Hands Free: 2

Okay, so there is this plastic cap that goes on the top of the light that allows you to connect it to a keychain.  I had hoped against hope that underneath the flashlight toupee there would be a flat surface to allow the light to tail stand.  But no.  There is another, identical, keychain attachment point.  What a missed opportunity.  That said, it would be sweet to see Surefire come out with accessory caps.  That would open up a whole new space in flashlight design.  Personally I'd love to see a tail standing cap and a glass breaker cap, but I am sure creative minds could think of other uses.   So while I think the redundant connector points are stupid, I am not going to deduct points for it because there is a slim possibility that either Surefire or someone in the community will see the cap as opportunity to expand the functionality of the flashlight.  Also, it doesn't roll and is fine between the teeth.

Overall Score: 18 out of 20

This is a light that won't age well.  Once the rest of the market catches up and starts matching the Titan Plus's runtimes and output there will be literally nothing to distinguish this light from its competitors, except, the Surefire tax.  But for now, this is one of the best EDC lights out there.  I prefer the S1, as I like the clicky and the low and the high better, but if you are deciding between these two lights, you are already in a good place.

The thing that kills me the most about the Titan Plus is what it could have been.  If it had the T1A's UI and kept the runtime, it would be an instant and all time classic.  Maybe Surefire will release something like that in the future and when they do--watch out, I'll elbow you in the ribs to get to the front of the line to buy one. 

You might be wondering how a light that gets a score of 18/20 did so well in my GOTY ballot.  Simple--there are sometimes when a piece of gear does something so outstandingly well that I give more weight to that positive than I do to the negatives.  If the scale wouldn't be broken by doing so I would have given the Titan Plus something like a 4 in terms of output.  It just broke the barrier of what we thought was possible in this battery format and that is a big, big deal.

The Competition

Really there are two competitors--the oLight S1 Baton and the Peak Eiger.  I like the S1 a bit better and the Eiger a bit less.  All three are great, but the S1's form factor is not much, if at all, worse.  The upgrade in UI and better all around output levels makes it a favorite in my eyes.  The Eiger suffers pretty badly because it is very limited runtime.  Its still a great light, but its starting to show its age.  In the end, I have to say for all its flaws and limitations I carried the Titan Plus a lot.  Its a good light.  A very good light.  The S1 might be better, but the Titan is a real competitor.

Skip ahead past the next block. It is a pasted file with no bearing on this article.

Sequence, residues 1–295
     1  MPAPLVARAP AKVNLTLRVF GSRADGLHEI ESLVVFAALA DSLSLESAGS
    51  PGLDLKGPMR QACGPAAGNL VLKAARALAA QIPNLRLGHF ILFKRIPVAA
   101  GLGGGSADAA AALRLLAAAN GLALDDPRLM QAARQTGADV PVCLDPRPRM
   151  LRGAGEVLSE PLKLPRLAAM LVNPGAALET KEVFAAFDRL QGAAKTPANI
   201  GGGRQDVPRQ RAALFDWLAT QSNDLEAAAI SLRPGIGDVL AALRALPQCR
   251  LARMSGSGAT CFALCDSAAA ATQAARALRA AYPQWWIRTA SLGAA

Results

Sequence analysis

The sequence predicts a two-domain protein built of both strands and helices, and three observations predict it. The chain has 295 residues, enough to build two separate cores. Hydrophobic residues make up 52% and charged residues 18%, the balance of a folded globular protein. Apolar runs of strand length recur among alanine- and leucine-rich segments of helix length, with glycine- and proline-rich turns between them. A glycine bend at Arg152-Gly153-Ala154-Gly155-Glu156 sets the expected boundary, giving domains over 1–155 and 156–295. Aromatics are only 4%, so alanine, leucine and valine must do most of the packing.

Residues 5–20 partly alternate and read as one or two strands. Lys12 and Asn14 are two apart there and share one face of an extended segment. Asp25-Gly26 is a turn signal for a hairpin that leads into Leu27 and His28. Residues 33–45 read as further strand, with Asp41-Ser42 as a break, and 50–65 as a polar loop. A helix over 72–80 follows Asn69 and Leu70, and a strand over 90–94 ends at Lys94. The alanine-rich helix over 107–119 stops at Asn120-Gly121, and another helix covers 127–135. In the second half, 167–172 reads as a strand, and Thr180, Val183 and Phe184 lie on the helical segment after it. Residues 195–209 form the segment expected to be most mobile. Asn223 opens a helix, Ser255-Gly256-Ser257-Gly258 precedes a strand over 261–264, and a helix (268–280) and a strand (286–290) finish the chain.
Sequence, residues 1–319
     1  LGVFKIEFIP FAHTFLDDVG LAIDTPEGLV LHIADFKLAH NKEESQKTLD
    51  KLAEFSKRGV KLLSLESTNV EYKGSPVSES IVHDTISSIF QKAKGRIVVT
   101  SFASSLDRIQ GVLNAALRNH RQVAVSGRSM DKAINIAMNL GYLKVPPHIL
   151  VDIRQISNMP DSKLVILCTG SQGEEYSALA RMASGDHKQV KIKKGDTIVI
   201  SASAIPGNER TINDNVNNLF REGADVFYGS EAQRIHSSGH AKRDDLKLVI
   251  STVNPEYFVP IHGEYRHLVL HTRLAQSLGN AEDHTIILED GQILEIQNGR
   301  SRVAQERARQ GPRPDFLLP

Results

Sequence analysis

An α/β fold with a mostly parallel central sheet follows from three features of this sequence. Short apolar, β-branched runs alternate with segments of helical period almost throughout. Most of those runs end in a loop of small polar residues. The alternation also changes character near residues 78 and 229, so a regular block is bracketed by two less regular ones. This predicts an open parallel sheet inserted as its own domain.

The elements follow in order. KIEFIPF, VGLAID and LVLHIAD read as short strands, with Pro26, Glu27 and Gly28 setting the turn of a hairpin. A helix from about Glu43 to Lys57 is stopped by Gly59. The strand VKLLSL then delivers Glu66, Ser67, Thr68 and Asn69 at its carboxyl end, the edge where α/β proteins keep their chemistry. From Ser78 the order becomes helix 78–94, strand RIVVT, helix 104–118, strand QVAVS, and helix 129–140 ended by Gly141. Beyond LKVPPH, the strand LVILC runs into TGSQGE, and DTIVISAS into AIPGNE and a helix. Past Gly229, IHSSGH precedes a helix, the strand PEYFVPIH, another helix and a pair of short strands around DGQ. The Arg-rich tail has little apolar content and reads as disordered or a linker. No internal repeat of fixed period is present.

There are two other factors that less flashoholics might want to consider--the format and country of origin.  A Made in the USA light that has all of the features of the Titan Plus, runs a common cell, and hits at right under $100 is a VERY tempting package.    


  1. I think the points should have been knocked off for the weight and the lack of tail stand. I have a feeling that without the 'surefire' name they would have been?

  2. I've been eager to see your review on the Titan Plus. I just got mine in the mail. The double twist is required for high on my model as well. I was a bit worried it may have been defective, but it sounds like that's how Surefire builds them. I pretty much agree with your review on most accounts, although I don't think it's going to be that outdated for a few years, since it's probably the only American made single AAA with this performance at this price. I was lucky to get this one for $50 during their Black Friday sale, and feel like it's one of the best lights I've ever had for the money. I'd buy another at $100! Hopefully they release another model with the older Titan's amazing UI. If they do that, the price on the Plus might come down. There are a number of exciting lights out this year.

    I'm anxious to get my hands on an S1 Baton to go with this. On that note, have you seen the new Surefire Sidekick micro USB rechargeable keychain light? It's shaped like a key fob and offers 300 lumens for 1.25 hours. I'm hoping you review it soon.